An epithelial cell possessing stereocilia in the maculae, cristae ampullaris, and organ of Corti. These cells are receptors for the senses of position and hearing. Hair cells do not regenerate after they are damaged or lost.
A red lung macrophage often found in the sputum of patients with congestive heart failure. The red color is due to ingested red cells.
A line of human epithelial cells that grows well in culture. It is an immortal cancer cell that has been maintained in continuous tissue cultures for decades from a patient with carcinoma of the cervix. It is named for the first two letters of the patient's first and last names, Henrietta Lacks. HeLa cells have been used in thousands of experiments on cell growth, differentiation, and cancer, and in virology, pharmacology, and other fields.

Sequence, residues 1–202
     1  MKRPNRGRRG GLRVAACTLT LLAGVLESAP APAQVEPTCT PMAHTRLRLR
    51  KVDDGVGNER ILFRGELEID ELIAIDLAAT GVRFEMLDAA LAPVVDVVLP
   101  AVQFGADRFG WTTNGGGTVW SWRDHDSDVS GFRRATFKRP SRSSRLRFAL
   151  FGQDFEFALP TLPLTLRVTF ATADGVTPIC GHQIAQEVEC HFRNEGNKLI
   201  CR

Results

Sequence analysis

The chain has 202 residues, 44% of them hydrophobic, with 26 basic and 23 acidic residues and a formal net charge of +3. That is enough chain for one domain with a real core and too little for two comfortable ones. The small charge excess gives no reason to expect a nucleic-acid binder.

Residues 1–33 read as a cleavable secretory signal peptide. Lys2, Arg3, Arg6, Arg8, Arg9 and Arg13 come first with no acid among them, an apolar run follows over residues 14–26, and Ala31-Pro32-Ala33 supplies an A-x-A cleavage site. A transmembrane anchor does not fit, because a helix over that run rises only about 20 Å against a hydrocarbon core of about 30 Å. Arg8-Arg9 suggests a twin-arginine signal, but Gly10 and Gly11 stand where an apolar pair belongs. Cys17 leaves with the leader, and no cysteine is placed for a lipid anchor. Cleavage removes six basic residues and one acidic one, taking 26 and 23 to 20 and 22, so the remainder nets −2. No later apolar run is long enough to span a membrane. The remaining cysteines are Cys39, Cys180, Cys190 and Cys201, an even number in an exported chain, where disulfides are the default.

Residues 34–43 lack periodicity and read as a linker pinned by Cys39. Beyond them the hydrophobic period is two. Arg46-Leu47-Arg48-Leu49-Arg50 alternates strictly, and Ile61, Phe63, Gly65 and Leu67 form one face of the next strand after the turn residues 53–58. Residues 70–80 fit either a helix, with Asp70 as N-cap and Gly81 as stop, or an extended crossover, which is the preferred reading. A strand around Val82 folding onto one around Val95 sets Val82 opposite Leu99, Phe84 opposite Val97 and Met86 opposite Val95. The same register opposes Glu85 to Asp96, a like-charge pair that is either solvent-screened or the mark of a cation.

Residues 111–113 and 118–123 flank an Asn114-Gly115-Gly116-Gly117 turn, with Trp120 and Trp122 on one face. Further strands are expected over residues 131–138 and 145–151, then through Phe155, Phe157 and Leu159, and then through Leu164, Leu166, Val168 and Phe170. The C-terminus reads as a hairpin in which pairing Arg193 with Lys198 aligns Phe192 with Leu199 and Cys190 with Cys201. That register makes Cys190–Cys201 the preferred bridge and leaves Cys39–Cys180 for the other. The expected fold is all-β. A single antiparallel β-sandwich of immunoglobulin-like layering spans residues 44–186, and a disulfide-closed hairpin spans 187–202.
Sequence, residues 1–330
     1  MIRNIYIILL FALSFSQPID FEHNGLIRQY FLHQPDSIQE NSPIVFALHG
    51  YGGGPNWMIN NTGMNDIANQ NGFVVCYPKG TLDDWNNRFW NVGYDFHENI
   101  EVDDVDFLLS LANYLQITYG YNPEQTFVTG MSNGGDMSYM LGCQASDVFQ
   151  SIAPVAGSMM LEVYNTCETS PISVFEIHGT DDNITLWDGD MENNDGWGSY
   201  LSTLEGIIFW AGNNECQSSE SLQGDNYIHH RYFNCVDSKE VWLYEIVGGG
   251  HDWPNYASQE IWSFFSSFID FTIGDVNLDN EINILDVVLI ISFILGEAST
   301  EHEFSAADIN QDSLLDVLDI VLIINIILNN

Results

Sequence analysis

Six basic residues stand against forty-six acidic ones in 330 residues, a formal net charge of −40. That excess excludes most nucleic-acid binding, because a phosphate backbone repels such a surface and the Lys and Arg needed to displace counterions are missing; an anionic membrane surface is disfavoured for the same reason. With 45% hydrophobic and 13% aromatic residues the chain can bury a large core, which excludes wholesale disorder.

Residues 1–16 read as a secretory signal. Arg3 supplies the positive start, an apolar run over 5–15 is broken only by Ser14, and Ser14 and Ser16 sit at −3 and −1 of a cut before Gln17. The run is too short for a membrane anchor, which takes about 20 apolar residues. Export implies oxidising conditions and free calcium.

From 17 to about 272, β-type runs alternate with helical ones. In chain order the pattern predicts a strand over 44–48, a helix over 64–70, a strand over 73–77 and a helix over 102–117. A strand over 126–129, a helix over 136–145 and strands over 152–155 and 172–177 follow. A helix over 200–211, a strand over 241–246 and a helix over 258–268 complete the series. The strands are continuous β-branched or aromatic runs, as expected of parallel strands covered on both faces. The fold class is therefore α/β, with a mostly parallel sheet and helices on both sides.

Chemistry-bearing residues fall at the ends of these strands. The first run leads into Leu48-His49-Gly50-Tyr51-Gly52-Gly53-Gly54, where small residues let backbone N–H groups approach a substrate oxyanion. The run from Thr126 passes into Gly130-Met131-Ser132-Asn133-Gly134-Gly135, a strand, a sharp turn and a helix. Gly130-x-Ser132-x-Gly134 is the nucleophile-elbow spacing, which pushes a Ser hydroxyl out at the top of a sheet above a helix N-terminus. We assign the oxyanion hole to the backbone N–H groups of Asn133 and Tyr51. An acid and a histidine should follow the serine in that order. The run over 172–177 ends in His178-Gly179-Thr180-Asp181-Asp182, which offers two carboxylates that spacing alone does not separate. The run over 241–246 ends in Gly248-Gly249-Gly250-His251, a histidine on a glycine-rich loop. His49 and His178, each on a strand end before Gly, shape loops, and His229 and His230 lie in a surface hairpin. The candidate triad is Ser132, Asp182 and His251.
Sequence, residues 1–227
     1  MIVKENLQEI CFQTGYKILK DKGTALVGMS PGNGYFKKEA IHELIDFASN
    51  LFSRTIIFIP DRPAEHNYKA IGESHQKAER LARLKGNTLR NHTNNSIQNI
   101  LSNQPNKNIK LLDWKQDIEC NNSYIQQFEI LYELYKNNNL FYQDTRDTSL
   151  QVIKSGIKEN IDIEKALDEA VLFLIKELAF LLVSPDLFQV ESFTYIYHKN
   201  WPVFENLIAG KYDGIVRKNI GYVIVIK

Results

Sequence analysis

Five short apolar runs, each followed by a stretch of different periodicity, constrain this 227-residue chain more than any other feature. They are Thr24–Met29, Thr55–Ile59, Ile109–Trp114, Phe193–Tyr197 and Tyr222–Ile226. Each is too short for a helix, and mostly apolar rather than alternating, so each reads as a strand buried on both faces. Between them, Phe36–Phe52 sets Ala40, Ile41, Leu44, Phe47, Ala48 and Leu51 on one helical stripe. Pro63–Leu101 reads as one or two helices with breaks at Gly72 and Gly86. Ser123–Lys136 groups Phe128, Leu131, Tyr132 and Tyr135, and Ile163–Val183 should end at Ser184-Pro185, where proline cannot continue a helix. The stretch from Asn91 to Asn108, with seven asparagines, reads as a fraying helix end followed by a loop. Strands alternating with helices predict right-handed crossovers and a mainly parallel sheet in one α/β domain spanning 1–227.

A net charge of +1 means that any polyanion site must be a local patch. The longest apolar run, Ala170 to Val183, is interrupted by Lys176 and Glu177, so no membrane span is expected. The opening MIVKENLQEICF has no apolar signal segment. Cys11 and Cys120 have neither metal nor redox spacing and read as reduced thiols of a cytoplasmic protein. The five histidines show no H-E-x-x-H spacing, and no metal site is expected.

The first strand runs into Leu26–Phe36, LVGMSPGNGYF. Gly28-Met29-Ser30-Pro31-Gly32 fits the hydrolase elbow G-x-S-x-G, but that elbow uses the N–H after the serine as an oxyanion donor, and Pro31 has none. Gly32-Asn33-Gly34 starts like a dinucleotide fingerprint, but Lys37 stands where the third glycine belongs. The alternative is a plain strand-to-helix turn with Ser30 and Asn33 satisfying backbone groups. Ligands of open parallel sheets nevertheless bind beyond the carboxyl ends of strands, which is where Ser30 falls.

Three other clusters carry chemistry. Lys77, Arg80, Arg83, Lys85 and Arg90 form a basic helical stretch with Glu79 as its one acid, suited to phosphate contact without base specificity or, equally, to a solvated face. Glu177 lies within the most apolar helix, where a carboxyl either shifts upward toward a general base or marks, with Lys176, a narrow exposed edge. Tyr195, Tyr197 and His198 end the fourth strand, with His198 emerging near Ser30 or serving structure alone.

A schistocyte or fragmented blood cell, seen in hemolytic anemias.
HELMET CELLS (Orig. mag. ×640)
A type of T lymphocyte whose surface is marked by CD4 receptors; it is involved in both cell-mediated and antibody-mediated immune responses. It secretes cytokines that stimulate the activity of B cells and other T cells and binds with class II histocompatibility antigens, which are processed by macrophages and other antigen-presenting cells.
SYN: SEE: helper T cell
SEE: antigen processing; SEE: T cell; SEE: cell-mediated immunity
SEE: Helper cell
A progenitor cell in the bone marrow that can replicate itself and produce precursor cells of the various blood cell lineages.